What is Natsal?


Why is Natsal so special?

The National Surveys of Sexual Attitudes and Lifestyles – or ‘Natsal’ for short, are sex surveys that have taken place every 10 years since 1990.

So far, over 46,000 people have taken part in Natsal, each randomly-selected from across Britain.

This is what makes Natsal special. Unlike sex surveys that you might see in magazines, Natsal is designed so that the resulting data are broadly representative of the general population. By this we mean that the characteristics of respondents will be similar to that of the general population in terms of their age, sex and where in Britain they live.

Why is Natsal needed?

Reliable information about sexual behaviour and sexual health is essential for creating and evaluating effective public health policies and interventions. Natsal has therefore been vital for providing evidence on sex, from when it first began in response to the emergence of HIV/AIDS.

Since then, Natsal’s findings have guided policy on services and interventions (such as chlamydia screening, as well as sex and relationships education) to help improve sexual health in Britain.

By combining data from each round of Natsal, it provides a comprehensive picture of sexual health in Britain and shows how this has changed over time and across generations.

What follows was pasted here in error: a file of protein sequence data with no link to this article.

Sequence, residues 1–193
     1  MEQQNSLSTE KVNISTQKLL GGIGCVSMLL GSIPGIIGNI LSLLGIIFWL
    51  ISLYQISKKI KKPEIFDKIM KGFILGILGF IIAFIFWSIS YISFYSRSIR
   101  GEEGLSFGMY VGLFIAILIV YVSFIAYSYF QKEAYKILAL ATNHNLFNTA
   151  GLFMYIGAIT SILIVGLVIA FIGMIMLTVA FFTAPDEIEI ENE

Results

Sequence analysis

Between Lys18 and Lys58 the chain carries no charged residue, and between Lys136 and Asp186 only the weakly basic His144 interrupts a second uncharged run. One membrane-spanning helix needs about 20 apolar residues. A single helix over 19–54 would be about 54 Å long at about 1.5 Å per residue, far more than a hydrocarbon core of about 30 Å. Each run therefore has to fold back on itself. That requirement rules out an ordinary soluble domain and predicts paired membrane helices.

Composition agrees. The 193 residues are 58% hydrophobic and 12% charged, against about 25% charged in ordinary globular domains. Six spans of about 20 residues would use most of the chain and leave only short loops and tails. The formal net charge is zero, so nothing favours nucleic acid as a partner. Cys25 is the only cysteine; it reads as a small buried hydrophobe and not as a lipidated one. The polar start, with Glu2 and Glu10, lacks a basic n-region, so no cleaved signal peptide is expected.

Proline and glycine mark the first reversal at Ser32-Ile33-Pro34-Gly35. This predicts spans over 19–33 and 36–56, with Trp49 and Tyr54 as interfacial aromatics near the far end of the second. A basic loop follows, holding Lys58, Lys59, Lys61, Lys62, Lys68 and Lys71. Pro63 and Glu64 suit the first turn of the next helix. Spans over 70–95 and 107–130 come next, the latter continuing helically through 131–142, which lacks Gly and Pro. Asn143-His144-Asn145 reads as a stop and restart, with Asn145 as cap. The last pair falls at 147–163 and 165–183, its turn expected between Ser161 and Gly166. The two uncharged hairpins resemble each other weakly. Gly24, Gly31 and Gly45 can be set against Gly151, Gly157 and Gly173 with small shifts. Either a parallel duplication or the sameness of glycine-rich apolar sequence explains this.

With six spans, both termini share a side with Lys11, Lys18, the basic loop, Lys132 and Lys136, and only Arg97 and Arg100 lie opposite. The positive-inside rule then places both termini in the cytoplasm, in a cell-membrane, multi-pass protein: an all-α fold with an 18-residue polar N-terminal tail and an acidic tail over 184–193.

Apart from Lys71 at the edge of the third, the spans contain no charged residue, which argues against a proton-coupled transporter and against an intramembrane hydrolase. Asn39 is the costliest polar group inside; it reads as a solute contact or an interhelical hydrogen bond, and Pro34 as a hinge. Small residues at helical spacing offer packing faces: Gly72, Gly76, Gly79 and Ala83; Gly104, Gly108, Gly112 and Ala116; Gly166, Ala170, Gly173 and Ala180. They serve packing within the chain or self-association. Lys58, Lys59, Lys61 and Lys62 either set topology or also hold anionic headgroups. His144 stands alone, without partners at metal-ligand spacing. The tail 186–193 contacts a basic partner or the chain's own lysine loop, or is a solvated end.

How does Natsal get data on sex?

Each round of Natsal has involved people taking part in a private interview led by a highly-trained interviewer. The interview includes a self-completion questionnaire for the most sensitive questions, such as those on sexual practices and numbers of sexual partners. Typically, the whole interview takes around 50 minutes to complete.

Since the second Natsal survey carried out at the start of the millennium (2000), survey answers have been combined with information from biological samples that participants are asked to provide (e.g. a urine sample to test for sexually transmitted infections) and routinely-collected data (e.g. the Index of Multiple Deprivation) to enhance the amount and kinds of data that the Natsal study collates. 


Do you really know what counts as sex?

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